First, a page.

The short sellers are coming: “a money-laundering-induced market.”
By Angela Johnson, Vancouver, Canada:
The Canadian province of British Columbia may have gotten what it asked for in instituting the now notorious 15% transfer tax on home purchases involving foreign investors.
Benchmark prices of Vancouver still exhibit astounding year-over-year increases, with apartment prices up 27% and detached house prices up 38%, now at C$$1,578,300. But overall sales plunged to 3,226 homes, down 27% from the record in June and down 19% from a year ago.
“This is the first time since January 2016 that home sales in the region have registered below 4,000 in a month,” admits the Real Estate Board of Greater Vancouver. While apartment sales dropped “only” 7% year-over-year, sales of detached homes plummeted 31%!
And it’s spreading beyond Vancouver. For example, housing-refugees make their way to the Fraser Valley, which borders Metro Vancouver. The formerly bucolic and more affordable Langley Township is now highly developed and getting more so:
Prices have soared in the Fraser Valley. In July, the benchmark price of an apartment jumped 25% year-over-year (to C$240,000), according to the Fraser Valley Real Estate Board. The benchmark price of a townhouse soared 34% (to C$408,200). And the benchmark price of a single-family detached home skyrocketed a breath-taking 42% to C$881,400. These price increases put even Vancouver to shame.
But in the Fraser Valley too, sales in July (1,962 units) hit the wall: down 31% from June, and down 10% year-over-year.
So let’s talk more about that 15% tax on non-Canadian buyers of real estate, the result of an early-July emergency session of British Columbia’s provincial government.
Coming to the fore are stories of realtors and sellers alike finding ways of getting around the tax: Could the realtor Carolyn Chen be related to the seller Eddie Chen, who increased the list price by 15% about 2 weeks ago?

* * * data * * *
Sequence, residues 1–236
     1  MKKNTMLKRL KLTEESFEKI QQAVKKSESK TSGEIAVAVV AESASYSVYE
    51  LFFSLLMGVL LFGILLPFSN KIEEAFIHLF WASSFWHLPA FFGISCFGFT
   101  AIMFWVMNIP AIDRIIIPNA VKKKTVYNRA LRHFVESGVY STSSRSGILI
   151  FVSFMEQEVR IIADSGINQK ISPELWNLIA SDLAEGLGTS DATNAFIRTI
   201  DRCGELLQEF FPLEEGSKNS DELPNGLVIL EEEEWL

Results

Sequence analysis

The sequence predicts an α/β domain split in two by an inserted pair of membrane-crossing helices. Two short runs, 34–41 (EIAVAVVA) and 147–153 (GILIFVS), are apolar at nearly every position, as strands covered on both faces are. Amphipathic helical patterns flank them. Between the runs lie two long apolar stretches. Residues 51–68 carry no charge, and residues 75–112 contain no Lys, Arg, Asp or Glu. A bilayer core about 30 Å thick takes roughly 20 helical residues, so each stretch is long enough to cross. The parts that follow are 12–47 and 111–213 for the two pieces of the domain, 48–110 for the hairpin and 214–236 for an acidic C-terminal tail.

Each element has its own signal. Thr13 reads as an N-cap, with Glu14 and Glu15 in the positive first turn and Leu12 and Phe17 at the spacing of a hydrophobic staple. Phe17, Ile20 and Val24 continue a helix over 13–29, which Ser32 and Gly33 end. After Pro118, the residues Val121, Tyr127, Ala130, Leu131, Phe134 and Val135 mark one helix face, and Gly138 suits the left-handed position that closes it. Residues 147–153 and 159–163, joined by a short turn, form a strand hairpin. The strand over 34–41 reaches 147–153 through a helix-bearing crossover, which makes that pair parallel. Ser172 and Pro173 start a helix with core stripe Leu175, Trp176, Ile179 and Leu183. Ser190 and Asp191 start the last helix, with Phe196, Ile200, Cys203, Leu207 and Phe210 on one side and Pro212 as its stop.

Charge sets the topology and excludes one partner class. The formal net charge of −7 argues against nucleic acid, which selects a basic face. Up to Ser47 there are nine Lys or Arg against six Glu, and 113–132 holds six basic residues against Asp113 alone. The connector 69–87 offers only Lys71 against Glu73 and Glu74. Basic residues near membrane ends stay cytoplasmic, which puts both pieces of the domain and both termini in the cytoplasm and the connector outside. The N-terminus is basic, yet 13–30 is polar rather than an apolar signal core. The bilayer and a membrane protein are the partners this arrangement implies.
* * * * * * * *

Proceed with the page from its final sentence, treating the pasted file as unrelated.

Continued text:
“The seller will compensate the qualified buyer with the additional 15% transfer tax,” the ad below says. “Qualified” in this case means non-Canadian; the original description spelled it out more blatantly: “Foreign National buyers get 15% off listing price!”
It’s easy to understand the foreign buyer’s penchant for properties in Metro Vancouver, like Richmond. Among the attractions: it’s only a plane ride away from pollution, and a command of English is not necessary:
So the 15% tax becomes merely the price of doing business or maintaining capital in an ever-devaluing currency. It certainly doesn’t put profit out of reach if 30%+ increases continue… Though we know past performance is no guarantee of future results, the Vancouver housing market time and again has defied the bears prophesying the coming bust.
The provincial government of British Columbia (BC) seems to be acting in consideration of locals with this tax – after all, next year is election year. But is it a case of ‘too little, too late’?